This is a common source of problems. If you change from cc to gcc, you should almost always remove your old config.sh.

Propagating your changes to config.sh

If you make any changes to config.sh, you should propagate them to all the .SH files by running

        sh Configure -S

You will then have to rebuild by running

        make depend

You can also supply a shell script config.over to over-ride Configure's guesses. It will get loaded up at the very end, just before config.sh is created. You have to be careful with this, however, as Configure does no checking that your changes make sense. See the section on "Changing the installation directory" for an example.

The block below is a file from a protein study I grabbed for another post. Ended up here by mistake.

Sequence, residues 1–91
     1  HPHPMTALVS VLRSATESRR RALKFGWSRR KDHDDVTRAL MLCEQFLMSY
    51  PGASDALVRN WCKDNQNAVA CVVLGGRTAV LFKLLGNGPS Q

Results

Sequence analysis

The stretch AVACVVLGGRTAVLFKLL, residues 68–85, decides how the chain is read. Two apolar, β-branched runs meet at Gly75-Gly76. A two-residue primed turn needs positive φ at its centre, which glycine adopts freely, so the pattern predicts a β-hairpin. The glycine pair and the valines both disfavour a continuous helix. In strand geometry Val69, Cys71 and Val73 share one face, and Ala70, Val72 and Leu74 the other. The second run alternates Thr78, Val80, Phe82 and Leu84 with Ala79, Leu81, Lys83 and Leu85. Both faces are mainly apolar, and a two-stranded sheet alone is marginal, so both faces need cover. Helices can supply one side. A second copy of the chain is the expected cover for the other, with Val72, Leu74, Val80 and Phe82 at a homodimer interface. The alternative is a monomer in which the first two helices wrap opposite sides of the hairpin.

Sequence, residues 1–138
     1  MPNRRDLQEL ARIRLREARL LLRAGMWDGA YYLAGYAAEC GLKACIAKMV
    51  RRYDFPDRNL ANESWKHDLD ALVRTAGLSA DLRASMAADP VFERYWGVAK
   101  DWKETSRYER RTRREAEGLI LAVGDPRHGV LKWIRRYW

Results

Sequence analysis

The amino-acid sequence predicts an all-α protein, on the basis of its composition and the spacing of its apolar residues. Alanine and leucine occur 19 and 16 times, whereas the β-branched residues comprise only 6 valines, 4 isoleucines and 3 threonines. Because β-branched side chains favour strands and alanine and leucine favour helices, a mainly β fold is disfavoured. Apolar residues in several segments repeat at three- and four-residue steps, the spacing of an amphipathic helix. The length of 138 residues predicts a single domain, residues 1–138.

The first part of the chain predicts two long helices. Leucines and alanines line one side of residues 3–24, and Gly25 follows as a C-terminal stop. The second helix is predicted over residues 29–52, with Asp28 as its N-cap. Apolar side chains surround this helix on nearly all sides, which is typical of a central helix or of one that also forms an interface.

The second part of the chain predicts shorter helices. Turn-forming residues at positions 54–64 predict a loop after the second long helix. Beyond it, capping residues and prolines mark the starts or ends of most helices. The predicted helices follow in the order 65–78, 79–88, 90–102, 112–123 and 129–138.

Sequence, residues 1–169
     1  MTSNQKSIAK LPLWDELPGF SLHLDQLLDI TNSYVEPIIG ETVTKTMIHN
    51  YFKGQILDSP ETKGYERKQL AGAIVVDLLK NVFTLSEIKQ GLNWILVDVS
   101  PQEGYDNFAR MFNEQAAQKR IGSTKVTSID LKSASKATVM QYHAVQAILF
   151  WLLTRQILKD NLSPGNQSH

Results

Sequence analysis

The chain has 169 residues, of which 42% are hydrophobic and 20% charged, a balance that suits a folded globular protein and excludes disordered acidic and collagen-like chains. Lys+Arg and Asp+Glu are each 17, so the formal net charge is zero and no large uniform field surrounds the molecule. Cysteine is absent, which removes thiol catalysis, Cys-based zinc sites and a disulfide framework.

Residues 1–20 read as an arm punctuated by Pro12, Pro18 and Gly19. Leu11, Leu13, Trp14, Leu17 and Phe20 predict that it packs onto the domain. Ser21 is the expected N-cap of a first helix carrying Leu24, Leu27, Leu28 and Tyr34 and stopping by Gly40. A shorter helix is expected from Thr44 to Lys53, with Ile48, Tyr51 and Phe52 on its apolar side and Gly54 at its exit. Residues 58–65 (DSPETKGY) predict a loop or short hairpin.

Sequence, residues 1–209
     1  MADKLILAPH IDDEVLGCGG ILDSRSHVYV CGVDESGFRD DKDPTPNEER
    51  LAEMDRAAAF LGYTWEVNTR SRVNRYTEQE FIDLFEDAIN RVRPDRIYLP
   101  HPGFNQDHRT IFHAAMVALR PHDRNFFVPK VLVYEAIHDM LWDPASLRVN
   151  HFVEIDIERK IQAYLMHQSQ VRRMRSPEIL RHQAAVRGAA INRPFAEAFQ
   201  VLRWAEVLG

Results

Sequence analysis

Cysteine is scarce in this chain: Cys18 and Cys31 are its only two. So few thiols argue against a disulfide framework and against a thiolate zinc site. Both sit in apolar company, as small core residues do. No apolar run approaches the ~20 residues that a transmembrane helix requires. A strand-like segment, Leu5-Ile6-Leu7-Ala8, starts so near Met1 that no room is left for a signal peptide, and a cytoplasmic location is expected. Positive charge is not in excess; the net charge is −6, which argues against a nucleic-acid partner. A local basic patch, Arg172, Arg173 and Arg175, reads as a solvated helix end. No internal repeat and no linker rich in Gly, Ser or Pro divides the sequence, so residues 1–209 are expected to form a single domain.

Many of the system dependencies are contained in config.h. Configure builds config.h by running the config_h.SH script. The values for the variables are taken from config.sh.

If there are any problems, you can edit config.h directly. Beware, though, that the next time you run Configure, your changes will be lost.


If you have any additional changes to make to the C compiler command line, they can be made in cflags.SH. For instance, to turn off the optimizer on toke.c, find the line in the switch structure for toke.c and put the command optimize='-g' before the ;; . You can also edit cflags directly, but beware that your changes will be lost the next time you run Configure.

To change the C flags for all the files, edit config.sh and change either $ccflags or $optimize, and then re-run

        sh Configure -S
        make depend
No sh